Expert New York State Bar Association Panel Weighs in on How To Move Forward With New York’s Redistricting Plan

By David Howard King

June 10, 2022

Expert New York State Bar Association Panel Weighs in on How To Move Forward With New York’s Redistricting Plan


By David Howard King

New York’s political world was turned upside down this year but it was not by a scandal or a resignation or an indictment. It was something much less salacious – the New York State Court of Appeals rejected the legislature’s newly-drawn election districts.

The fallout was swift with new maps created by a court-appointed special master that upended political norms, pitted former political colleagues against each other, eliminated long-standing districts, and created opportunities for upstarts to vie for congressional seats in crowded contests.

The New York State Bar Association put together a panel discussion on the topic that was hosted by Liz Benjamin, veteran political journalist and managing editor at Marathon Strategies. The panel featured Lucia Gomez, political director of the NYC Central Labor Council; Steven Romalewski, director of the CUNY Mapping Service; Jeffrey M. Wice, adjunct professor/senior fellow of the NY Census & Redistricting Institute of the New York Law School and Susan Lerner, director of Common Cause NY.

Wice kicked off the discussion by laying out exactly how New York arrived in its redistricting predicament and why it was so surprising.

Wice detailed how the independent redistricting commission split along party lines and submitted two partisan plans rather than agreeing on one. The legislature rejected those plans, putting the onus back on the commission. “That’s where things imploded and the commission failed to do anything,” explained Wice. “So, the legislature, in its wisdom, with really no other course of action for them to consider, drew maps on its own, because the commission simply failed to do its job.”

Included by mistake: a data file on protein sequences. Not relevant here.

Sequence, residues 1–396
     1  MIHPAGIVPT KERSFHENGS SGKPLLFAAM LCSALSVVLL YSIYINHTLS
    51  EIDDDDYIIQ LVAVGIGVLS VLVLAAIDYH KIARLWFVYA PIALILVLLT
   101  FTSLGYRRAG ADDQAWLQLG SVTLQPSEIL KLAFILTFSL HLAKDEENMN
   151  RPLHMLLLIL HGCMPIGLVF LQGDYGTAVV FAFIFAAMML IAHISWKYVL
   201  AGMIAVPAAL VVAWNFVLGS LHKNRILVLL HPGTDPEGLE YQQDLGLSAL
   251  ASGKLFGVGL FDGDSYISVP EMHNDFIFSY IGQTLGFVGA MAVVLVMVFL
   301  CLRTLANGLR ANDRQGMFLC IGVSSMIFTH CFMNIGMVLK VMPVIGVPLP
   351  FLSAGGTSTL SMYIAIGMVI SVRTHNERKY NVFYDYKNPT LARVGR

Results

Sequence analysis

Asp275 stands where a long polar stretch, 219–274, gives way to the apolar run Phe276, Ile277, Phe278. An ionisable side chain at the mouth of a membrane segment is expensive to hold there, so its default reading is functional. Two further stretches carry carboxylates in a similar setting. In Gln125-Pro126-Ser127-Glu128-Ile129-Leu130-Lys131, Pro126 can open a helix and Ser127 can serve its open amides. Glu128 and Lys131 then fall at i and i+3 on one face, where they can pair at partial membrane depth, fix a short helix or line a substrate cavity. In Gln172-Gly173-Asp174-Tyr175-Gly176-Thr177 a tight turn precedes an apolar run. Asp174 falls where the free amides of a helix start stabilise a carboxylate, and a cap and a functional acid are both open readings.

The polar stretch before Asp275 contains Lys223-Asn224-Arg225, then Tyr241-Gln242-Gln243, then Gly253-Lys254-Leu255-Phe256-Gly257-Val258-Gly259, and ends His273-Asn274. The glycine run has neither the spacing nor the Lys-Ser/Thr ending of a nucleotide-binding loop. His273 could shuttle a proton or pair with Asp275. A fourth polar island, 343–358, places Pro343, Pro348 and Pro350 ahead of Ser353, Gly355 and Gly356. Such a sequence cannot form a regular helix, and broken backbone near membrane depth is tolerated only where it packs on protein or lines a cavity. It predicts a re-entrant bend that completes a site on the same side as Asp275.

The Democratic-controlled Legislature passed plans favoring Democratic incumbents and Republicans launched a lawsuit.

Experts expected the court would give the legislature the benefit of the doubt as it had previously. But that isn’t what happened. Instead, the New York State Court of Appeals ordered that a special master take over the process, which led to the new maps.

Lerner talked about how to prevent similar problems when redistricting begins again in 2030. He pointed to Ohio and Florida, states that have strict constitutional standards on redistricting that are not followed. In Ohio, the legislature has repeatedly submitted maps that do not meet constitutional standards despite rebukes from the court. And in Florida, Gov. Ron DeSantis has submitted highly gerrymandered maps that ignore constitutional standards but  are expected to be adopted because the courts are politically sympathetic.

“We need more than strict constitutional standards,” said Lerner. “We need a system that works to actualize these standards.”

Lerner said that while there are no perfect systems, the closest to perfection comes from independent citizen-led commissions that are either non-partisan or have partisan balance. She pointed to California and Michigan’s redistricting models. Lerner said she considered Michigan’s process successful because both parties sued to challenge the maps they created and in California no one sued.

Lerner acknowledged that a successful system requires a complicated appointment process that utilizes strict vetting and a randomized selection process to ensure that there isn’t political interference.

Syracuse recently adopted an independent redistricting commission made up of 15 citizens. Lerner says it is a model that New York should adopt because it removes political influence from the redistricting process.

“Isn’t the wrinkle that in order to change the process the legislature has to vote?” asked Benjamin, nodding to the fact that independent redistricting is not in the legislature’s political interest. Historically, New York’s legislature has gone to great lengths to retain control over the redistricting process, and without massive voter pressure, it has no reason to do otherwise.  

“Right,” said Lerner, “but as we see in Syracuse there are legislative bodies who are honest enough and forward thinking enough to do it, and it is on all of us to start the work now to build the necessary public support for a truly independent citizen-led redistricting process for New York. If we can do it in Syracuse, we ought to be able to do it for the entire state.”

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